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Talent Africa’s Ug Cypher returns after eight years

by Editorial Team
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By Reagan Ssempijja

The first Talent Africa UG Cypher was released well over 10 years ago, and if you followed keenly, it was a line-up of the A-list rappers of the time. With Navio, The Mith, GNL Zamba, Keko and St. Nelly Sade, among others, you knew you were in for a rollercoaster of bars and punchlines.

It also had some up and coming rappers of that time like Ruyonga, Tucker HD and Flex D Paper, who undoubtedly proved their worth, 10 years later. It was a good cypher to watch and listen to.

Then, less than three years later, the UG Cypher 2 was released, featuring almost the same line-up, with a few more force-to-reckon-with rappers of the time, like Lyrical G, Mun-G, Enygma and Big Trill. The edition also introduced to us The Ninja C, a fresh female rapper who didn’t perform exceptionally well, but made her mark nonetheless. It was a good Cypher, too.

While the second edition took only under less than three years to be outed, cypher enthusiasts have had to wait for close to eight years for the third edition. Finally, it was launched on April 30, during the Jameson and Friends show at Design Hub, Bugolobi, a city suburb.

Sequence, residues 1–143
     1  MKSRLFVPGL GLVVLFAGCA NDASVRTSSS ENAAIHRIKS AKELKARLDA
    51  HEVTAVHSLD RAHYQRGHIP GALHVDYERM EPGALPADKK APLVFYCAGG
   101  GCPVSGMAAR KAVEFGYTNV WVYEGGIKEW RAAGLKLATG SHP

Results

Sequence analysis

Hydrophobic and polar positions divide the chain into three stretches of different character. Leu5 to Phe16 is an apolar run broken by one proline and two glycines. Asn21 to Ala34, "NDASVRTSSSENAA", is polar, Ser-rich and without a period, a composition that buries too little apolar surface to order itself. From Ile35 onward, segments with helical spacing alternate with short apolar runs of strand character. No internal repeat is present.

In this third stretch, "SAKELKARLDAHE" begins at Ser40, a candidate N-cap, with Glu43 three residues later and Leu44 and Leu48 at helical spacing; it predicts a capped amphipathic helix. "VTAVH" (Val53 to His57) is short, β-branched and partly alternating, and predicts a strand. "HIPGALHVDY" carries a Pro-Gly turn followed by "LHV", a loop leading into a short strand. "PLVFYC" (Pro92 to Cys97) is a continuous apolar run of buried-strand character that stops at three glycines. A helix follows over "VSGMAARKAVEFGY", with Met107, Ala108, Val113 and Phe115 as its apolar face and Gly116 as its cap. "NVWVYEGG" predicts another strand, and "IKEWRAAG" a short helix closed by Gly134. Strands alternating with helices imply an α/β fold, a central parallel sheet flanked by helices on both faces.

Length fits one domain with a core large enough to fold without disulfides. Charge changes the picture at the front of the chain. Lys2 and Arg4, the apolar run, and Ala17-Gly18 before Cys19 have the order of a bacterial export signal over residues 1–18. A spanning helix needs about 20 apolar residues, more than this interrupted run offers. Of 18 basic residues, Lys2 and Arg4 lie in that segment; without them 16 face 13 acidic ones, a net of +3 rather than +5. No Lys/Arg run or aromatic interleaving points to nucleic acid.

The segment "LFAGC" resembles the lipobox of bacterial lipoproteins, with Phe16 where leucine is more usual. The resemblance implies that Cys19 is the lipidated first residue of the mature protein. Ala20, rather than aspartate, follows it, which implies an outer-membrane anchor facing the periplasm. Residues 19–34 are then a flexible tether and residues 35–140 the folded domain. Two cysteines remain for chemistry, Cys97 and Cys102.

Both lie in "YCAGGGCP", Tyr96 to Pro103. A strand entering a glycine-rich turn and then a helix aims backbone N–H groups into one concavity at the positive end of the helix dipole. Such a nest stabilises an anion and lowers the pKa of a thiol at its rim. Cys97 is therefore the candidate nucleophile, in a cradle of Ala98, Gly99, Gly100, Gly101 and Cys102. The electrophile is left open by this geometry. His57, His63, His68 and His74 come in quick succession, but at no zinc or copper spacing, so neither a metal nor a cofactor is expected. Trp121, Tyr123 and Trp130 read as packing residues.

Unlike, the previous editions, the Ug Cypher 3 had a line-up of mostly the least known rappers of this generation. Apart from Tucker HD, who has featured in all three of the cyphers, Ninja C, who was appearing for the second time, and Atlas Da African, who has been around for a while, the rest of the rappers were rather unfamiliar to many. But that was besides the point, especially since all that mattered was weather or not they could pull off a punchy cypher.

Well, if you judge this edition against the previous two, your opinion will obviously be biased. Mostly because of how experience-filled, deep and mature the other two were. However, the third edition, despite being dubbed the G.O.A.T edition for unclear reasons, presented some young, passionate, energetic rappers, who might be the next ‘Big Three’, so to speak.

However, apart from Big Ben Sukuya and Triggah, who freestyle in their local dialects, the rest chose to do English, and when I say English, I mean American-like English, not your regular lame English that cannot even sustain a five-minute argument. While this defeats almost everyone’s understanding of why it’s called a UG Cypher, they did good.

Speaking about doing good on this edition, Tucker HD and Atlas Da African proved why they have been rapping for the longest time among the entire line-up. Timothy Code did the closure of the Cypher justice, as well.

For urban rap music consumers, you have yourselves a fairly good listen. 

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